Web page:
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OGP in the News – Week of December 11, 2017

Jacqueline McGraw|

A weekly round-up of Open Government Partnership (OGP) media coverage around the world. Want to receive OGP in the News directly in your email inbox? Subscribe here.

The main theme of this week’s global media coverage of OGP was, of course, the Asia Pacific Leaders Forum on Open Government (APLF2017).

Bringing together some 200 high-level government officials, ministers, local government leaders, civil society organisations, businesses, and development partners, the Asia Pacific Leaders Forum on Open Government took place in Jakarta, Indonesia. The second of Indonesia’s major regional open government gatherings since the founding of OGP in 2011, the significance of the forum was not lost on the national media. During the week of the event, close to 60 Indonesian news outlets mentioned OGP in relation to #APLF2017. announced the event a few days before it kicked off,, while The Jakarta Post ran an editorial on December 14, the day of the event. The Jakarta Post piece begins, “Throughout most of its modern history, bureaucracy in Indonesia has operated under the shroud of secrecy.” It then goes on to highlight a few of Indonesia’s recent reforms towards an “accessible, accountable and open government,” including the citizen complaint mechanism LAPOR! and a single-submission system for business and investment permits championed by President Joko “Jokowi” Widodo. The editorial commended the forum, saying that “The meeting comes at a crucial time when the world is undergoing a sweeping change that could affect how governments conduct their business.” It concluded with a powerful message underscoring the importance of continued open government reform: “Governments, including that of Indonesia, have no choice but to advance openness, or else they will perish.”

In the run-up to the forum, OGP Chief Executive Officer Sanjay Pradhan also summarized some of the progress Indonesia and other countries in the Asia Pacific have made on open government. Published in The Jakarta Post, Pradhan encouraged governments to scale up and deepen these reforms in order to “tackle key societal challenges,” especially as ten of the 13 OGP countries and all three subnational pioneers in the region prepare to co-create new OGP action plans in 2018. Pradhan said the “Leaders Forum comes at a critical time,” and outlined three priority areas for future open government commitments: innovation, ambition, and collaboration. In his conclusion, Pradhan said that “In the world’s most populous region, there is extraordinary potential to harness open government for inclusive development – but we must work together.”          

Coverage of the event itself continued on December 14 and the days following. Indonesian Vice President Jusuf Kalla took to the stage during the opening plenary, as reported by,, and, among others. In his remarks, Kalla emphasized that governments must be open to criticism and benefit from citizen input. He noted that the government of Indonesia is looking to expand outlets for citizen participation to help shape and improve government services related to poverty reduction, education, and healthcare. Kalla also underscored the importance of coordination between the executive and legislative branch. Concluding his speech, Kalla expressed hope that APLF2017 will have a positive effect on governance throughout the Asia Pacific.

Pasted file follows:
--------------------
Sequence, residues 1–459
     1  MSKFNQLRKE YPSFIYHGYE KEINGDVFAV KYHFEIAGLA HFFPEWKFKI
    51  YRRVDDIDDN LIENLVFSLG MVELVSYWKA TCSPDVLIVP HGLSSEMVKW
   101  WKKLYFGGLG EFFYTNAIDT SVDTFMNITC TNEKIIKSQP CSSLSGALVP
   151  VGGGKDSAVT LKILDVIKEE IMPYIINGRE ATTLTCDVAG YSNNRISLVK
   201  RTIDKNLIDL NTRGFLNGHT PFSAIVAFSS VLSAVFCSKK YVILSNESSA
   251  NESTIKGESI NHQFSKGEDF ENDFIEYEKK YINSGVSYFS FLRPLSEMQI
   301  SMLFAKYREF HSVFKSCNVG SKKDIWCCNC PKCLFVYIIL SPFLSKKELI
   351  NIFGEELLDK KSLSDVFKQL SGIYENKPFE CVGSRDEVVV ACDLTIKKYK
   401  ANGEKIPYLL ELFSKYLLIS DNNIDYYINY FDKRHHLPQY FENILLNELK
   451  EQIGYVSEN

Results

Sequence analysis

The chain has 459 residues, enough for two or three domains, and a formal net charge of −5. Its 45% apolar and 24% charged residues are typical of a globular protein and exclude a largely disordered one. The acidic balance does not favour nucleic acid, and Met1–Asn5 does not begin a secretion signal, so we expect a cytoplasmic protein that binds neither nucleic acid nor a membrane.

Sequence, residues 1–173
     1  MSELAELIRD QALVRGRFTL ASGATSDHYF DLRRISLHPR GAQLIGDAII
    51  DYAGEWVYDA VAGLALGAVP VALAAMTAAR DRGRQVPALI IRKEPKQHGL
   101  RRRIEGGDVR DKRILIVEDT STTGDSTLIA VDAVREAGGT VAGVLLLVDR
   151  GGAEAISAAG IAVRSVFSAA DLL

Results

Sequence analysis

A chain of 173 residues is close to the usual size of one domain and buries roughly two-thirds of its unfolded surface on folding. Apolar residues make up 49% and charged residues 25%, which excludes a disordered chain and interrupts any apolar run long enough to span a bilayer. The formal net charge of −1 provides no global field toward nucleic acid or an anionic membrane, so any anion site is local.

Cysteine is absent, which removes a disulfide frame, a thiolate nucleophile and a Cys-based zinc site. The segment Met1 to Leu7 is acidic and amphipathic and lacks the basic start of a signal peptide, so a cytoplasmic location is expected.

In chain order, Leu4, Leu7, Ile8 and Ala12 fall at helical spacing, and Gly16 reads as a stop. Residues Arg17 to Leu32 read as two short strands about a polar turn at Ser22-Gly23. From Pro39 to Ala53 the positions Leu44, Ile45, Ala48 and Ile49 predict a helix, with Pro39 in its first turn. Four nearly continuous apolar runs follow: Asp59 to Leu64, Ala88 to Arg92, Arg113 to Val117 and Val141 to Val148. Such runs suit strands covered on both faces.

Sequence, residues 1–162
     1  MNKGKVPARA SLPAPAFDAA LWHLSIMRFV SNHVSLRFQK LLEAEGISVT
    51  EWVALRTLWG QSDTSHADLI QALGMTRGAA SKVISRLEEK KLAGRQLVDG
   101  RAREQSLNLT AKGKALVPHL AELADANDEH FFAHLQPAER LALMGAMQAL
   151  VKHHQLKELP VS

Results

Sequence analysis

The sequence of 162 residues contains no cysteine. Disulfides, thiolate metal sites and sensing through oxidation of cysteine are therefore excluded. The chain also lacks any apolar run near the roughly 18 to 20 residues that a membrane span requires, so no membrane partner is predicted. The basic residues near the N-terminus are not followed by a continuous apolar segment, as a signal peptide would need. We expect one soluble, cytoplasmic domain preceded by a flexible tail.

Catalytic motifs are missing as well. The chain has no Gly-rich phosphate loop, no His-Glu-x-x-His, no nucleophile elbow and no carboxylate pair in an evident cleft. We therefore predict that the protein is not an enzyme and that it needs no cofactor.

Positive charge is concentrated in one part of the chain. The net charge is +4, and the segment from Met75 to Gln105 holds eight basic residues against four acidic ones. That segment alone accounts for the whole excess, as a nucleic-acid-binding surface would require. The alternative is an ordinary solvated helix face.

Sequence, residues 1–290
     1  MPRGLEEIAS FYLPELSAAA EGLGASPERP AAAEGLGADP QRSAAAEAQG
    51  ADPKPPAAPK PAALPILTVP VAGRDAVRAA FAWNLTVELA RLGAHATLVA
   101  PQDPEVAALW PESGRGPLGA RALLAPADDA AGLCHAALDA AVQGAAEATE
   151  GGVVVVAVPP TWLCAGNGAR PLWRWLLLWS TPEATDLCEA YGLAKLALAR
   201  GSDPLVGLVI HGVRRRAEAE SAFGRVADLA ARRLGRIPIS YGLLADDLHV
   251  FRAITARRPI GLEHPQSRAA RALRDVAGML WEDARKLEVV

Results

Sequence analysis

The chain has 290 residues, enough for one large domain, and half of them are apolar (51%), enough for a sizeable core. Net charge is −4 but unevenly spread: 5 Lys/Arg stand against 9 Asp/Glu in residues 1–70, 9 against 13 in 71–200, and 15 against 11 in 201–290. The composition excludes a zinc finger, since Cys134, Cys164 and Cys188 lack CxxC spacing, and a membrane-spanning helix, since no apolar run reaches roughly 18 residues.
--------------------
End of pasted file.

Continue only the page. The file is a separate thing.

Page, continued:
Speaking alongside the Vice President, Indonesian Minister of National Development Planning Bambang Brodjonegoro was quoted in articles by and He said APLF2017 represented an opportunity to share knowledge about the role of open government in bolstering inclusive development efforts through economic growth, poverty reduction, public service innovation, and increased trust government.

And at the day’s closing, reported that Deputy Foreign Minister Abdurrahman Mohammad Fachir said work on open government should not be limited to OGP participants, but should be a “universal value.” He continued that APLF2017 serves as a testament to the Indonesian government’s leadership and commitment to the principles of open government throughout the region.    

In other news, a Georgian news agency announced that Georgia, as current OGP government co-chair, will host the fifth OGP global summit in 2018. The article noted that Georgian Minister of Justice Thea Tsulukiani traveled to Jakarta, Indonesia to participate in the Asia-Pacific Leaders Forum on Open Government. There, she invited all of the countries present to attend next year’s global summit in Georgia, and held bilateral meetings with government representatives from Kyrgyzstan, South Korea, the Philippines and Indonesia. According to the article, a Memorandum is expected to be signed between the governments of Georgia and Indonesia to exchange knowledge and learning on transparency, e-government, and improved public services.

Outside of the Asia Pacific, OGP made news in Mexico. National newspaper El Universal reported that Secretary of Civil Service, Arely Gómez González, sat down with commissioners of the National Institute of Transparency, Access to Information and Protection of Personal Data (INAI). According to the article, Gomez hoped to garner support among INAI commissioners to convince civil society organizations to re-engage with Mexican government on OGP. These organizations withdrew from the country’s OGP process in May 2017 following allegations of government spying on several civil society members.    

Last but not least, as the end of 2017 approaches, we have some final insights from #OGPArgentina – take a look at our most recent OGP newsletter to get the scoop!         

Of course, we can’t catch everything in our news round-ups, so if you see we’ve missed something or think a particular story ought to be featured, please send it to

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